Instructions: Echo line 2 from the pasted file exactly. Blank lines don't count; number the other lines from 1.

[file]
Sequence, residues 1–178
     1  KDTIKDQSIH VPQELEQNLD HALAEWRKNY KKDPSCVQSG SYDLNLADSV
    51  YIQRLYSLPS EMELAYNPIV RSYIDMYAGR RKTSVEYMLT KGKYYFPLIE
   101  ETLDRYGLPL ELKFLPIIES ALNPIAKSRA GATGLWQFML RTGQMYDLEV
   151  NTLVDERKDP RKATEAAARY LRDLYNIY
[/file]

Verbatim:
     1  KDTIKDQSIH VPQELEQNLD HALAEWRKNY KKDPSCVQSG SYDLNLADSV